GLOBAL MARKETS-US bank jitters spook Asia stocks; yen slides after BOJ
Fed funds futures also rallied strongly, pulling the market-implied peak in U.S. rates from above 5.6% to just below 5.5%, and pricing about a 50% chance of a 50 basis point Fed hike this month, down from more than 70% a day earlier. The sharp moves followed SVB Financial Group, parent of startup-lender Silicon Valley Bank, noting higher-than-expected "cash burn" from clients, falling deposits and rising costs of capital.
Falling bank stocks drove Asian markets lower on Friday, while bonds rallied and expectations for U.S. interest rate rises were reduced after a surprise capital raising at a Silicon Valley startup lender unleashed fears of broader banking-system stress.
The yen weakened after the Bank of Japan opted to keep stimulus settings steady at Governor Haruhiko Kuroda's last meeting in charge, as expected. The currency was last down about 0.4% at 136.63 per dollar after a knee-jerk drop of as much as 0.6%. Japan's Nikkei fell 1.23% in the morning session, with the BOJ decision coming during the lunch break.
MSCI's broadest index of Asia-Pacific shares outside Japan fell 1.5% to a two-month low, with banks and Hong Kong tech stocks leading losses. S&P 500 futures were down 0.56%, following the cash index dropping 1.8% and falling below its 200-day moving average.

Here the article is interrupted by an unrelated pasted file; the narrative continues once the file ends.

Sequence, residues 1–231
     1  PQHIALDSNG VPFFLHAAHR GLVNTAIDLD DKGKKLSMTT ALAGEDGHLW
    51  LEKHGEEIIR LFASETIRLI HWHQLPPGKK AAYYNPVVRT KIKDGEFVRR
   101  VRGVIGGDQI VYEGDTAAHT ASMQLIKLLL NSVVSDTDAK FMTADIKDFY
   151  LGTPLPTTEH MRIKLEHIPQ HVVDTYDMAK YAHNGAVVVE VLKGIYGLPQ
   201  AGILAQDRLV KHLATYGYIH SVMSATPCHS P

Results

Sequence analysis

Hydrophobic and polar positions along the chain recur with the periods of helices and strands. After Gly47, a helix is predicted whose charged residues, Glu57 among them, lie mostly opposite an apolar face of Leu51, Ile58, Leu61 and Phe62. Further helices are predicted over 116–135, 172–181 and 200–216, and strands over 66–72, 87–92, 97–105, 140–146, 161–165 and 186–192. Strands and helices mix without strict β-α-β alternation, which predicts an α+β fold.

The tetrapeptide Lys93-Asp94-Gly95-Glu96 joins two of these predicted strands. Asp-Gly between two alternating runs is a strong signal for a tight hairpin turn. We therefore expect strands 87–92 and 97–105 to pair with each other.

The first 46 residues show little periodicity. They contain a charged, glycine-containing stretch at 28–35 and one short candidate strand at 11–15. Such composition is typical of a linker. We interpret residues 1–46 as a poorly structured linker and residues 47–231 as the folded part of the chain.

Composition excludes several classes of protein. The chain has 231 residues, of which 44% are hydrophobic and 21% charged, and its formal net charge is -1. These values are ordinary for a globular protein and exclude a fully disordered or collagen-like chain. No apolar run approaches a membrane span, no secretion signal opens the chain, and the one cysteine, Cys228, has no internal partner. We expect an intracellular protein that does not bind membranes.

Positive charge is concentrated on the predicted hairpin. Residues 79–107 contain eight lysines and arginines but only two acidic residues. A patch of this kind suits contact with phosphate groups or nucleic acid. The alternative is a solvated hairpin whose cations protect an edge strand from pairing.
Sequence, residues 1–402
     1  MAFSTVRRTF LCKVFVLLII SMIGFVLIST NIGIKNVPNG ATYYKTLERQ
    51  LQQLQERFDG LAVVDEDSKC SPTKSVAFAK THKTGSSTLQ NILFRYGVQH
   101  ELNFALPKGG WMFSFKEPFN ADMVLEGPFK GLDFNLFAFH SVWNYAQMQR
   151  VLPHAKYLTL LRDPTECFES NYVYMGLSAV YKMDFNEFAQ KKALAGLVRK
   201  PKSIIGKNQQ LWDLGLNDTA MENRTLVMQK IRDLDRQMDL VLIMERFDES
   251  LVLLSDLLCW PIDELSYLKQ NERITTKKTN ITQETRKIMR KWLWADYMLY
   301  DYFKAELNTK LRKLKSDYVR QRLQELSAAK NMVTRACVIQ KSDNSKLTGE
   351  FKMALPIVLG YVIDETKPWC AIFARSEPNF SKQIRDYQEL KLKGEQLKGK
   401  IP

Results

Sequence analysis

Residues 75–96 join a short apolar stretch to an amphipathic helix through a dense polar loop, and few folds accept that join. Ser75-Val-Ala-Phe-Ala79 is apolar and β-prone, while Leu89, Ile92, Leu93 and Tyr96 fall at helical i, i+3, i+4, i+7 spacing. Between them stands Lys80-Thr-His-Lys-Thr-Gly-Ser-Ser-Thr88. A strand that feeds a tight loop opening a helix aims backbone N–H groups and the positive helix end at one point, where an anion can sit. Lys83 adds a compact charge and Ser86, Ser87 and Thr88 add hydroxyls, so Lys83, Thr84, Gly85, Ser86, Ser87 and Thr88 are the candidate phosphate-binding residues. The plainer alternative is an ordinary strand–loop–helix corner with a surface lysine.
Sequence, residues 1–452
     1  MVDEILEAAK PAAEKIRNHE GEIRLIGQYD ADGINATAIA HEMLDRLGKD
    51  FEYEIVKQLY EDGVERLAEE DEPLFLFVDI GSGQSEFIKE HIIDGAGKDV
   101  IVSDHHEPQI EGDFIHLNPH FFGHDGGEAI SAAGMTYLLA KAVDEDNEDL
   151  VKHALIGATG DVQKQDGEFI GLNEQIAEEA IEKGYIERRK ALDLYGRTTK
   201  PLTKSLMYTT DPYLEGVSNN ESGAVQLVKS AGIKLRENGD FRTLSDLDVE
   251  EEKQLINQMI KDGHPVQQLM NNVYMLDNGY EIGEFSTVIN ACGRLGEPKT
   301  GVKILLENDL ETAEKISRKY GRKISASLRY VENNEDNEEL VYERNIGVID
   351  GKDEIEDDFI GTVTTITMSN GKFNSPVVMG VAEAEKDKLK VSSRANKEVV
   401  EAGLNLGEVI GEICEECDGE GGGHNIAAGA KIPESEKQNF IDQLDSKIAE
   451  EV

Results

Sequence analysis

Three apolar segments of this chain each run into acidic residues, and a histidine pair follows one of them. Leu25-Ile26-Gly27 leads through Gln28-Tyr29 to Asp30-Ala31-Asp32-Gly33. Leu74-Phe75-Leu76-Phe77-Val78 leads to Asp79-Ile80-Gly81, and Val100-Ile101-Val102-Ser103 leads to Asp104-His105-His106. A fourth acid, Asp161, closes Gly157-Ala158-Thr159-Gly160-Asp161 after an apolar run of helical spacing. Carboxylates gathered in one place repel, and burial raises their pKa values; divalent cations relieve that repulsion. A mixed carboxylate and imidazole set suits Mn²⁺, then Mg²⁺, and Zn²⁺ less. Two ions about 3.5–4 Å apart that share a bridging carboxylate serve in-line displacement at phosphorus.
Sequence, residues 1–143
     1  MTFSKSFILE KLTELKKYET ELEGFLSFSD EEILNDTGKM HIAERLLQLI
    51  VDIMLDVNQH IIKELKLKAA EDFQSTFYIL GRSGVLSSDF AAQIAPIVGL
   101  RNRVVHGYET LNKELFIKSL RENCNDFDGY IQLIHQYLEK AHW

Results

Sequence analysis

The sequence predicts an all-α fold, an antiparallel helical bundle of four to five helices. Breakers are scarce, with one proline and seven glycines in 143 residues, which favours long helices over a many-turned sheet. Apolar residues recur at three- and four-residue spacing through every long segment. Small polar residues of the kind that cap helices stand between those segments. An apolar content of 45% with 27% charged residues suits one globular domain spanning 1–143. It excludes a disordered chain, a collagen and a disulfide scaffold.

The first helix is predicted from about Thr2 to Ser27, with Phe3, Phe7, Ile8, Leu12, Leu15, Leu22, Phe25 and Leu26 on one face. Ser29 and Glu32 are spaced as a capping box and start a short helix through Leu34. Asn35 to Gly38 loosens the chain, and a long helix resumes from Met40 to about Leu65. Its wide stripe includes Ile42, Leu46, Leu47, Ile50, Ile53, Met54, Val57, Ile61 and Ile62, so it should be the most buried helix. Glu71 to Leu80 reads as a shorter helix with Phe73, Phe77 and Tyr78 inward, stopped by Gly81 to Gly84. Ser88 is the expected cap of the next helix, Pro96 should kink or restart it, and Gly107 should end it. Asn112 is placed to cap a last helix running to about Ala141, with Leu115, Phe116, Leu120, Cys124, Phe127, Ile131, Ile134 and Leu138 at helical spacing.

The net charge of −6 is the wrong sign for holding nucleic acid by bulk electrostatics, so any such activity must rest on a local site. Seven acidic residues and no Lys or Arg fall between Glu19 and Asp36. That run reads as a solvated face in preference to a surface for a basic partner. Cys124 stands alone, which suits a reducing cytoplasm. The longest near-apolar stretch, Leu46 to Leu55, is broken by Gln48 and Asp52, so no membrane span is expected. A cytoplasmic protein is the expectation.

The U.S. dollar rose and short-end Treasuries extended sharp overnight gains - driving two-year yields down another nine basis points to 4.8068%. Fed funds futures also rallied strongly, pulling the market-implied peak in U.S. rates from above 5.6% to just below 5.5%, and pricing about a 50% chance of a 50 basis point Fed hike this month, down from more than 70% a day earlier.
The sharp moves followed SVB Financial Group, parent of startup-lender Silicon Valley Bank, noting higher-than-expected "cash burn" from clients, falling deposits and rising costs of capital. It announced an equity sale hours after crypto-focused lender Silvergate said it was closing down. SVB stock was still sliding after the bell and has lost about 70% of its value in 24 hours. Shares of big banks were dragged down with it, with J.P. Morgan Chase & Co losing 5.4%, Citigroup down 4.1% and big lenders in Asia and Australia on the slide - albeit to a lesser extent - on Friday morning.
"I think there's speculation that there are wider problems within the U.S. banking system, or there's that potential, and that's caused a re-think of Fed policy," said ING economist Rob Carnell in Singapore. "The thinking is that if what the Fed's doing is causing this distress, then perhaps they won't be doing that much more," he said.
"But it's a big move on the back of what seems to be some fairly woolly speculation...which just shows how antsy the markets are right now, and this has spilled into all the other markets." Surprisingly high U.S. jobless claims have offered a weak entree for broader U.S. employment data later on Friday, putting some pressure on recent dollar gains.
The figures loom as a crucial barometer of the health of the U.S. labour market and the direction of interest rates after Fed Chair Jerome Powell warned rates could rise further and faster if data shows that is needed to get a grip on inflation. Bitcoin was nursing losses just above the psychological $20,000 level as the fallout from the demise of Silvergate weighs on the broader mood in digital assets.
Brent crude futures were pinned at $81.55 a barrel and gold at $1,831 an ounce. (Editing by Simon Cameron-Moore and Kim Coghill)
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